Good post – the only “potential quibble” – the sentences above. But I get what you mean perfectly – don’t be half-assed ready when you step into the pulpit Sunday morning. AMEN to that a thousand times over!

    I never wrote before Saturday. That did not mean I hadn’t done my preacher’s dozen and outlines and exegesis and all of that or whatever it’s called now, before then (usually done beginning the Monday before – my “day off”)). But I was a parish pastor. It was my task not only to preach the Word in its fullness, but also . . . to realize that events within the parish on Thursday or Friday might give me reason to adjust it to fit the moment, so to speak

    Lost a faithful member late one Saturday night/early Sunday morning. Got the phone call about 1am and headed to the family’s house. Sermon had gotten the “Amen” about 8pm Saturday evening. Didn’t sleep that night. Computer got a work-out. The death of that member was Law/Gospel personified that next morning. I did not merely have the product of my proper pastoral, homiletical efforts in the pulpit – the reality was there in front of us all!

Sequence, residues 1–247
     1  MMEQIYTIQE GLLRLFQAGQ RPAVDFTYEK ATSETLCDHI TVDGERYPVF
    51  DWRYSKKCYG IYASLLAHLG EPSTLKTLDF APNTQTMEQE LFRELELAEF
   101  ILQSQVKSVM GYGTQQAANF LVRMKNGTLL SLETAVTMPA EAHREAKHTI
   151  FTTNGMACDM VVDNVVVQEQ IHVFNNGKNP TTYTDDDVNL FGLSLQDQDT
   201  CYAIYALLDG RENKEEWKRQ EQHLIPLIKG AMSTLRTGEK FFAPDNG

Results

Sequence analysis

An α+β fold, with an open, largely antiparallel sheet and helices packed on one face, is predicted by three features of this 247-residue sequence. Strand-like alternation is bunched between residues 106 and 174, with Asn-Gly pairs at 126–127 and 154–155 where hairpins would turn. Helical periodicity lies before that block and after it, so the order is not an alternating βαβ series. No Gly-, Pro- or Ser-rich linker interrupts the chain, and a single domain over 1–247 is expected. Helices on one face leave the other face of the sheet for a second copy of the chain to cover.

All of us had the Incarnation dropped completely and vividly in our laps that morning. If waiting all week to do one’s proper work is not intentional with a specific constructive purpose, then yes – you are spot on. That’s extremely bad form. I started the work on Monday (my day off – did/do we really get a day off?) But I always did the final manuscript middle/late Saturday evening.

    But your words bear heeding by us all!

    Thanks for the serious reminder to all of us WCWs. We need it.

    Pax – jb

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    1. JB, thanks for your reply. Great comments and very helpful in clarifying the point I was trying to make. Thanks again!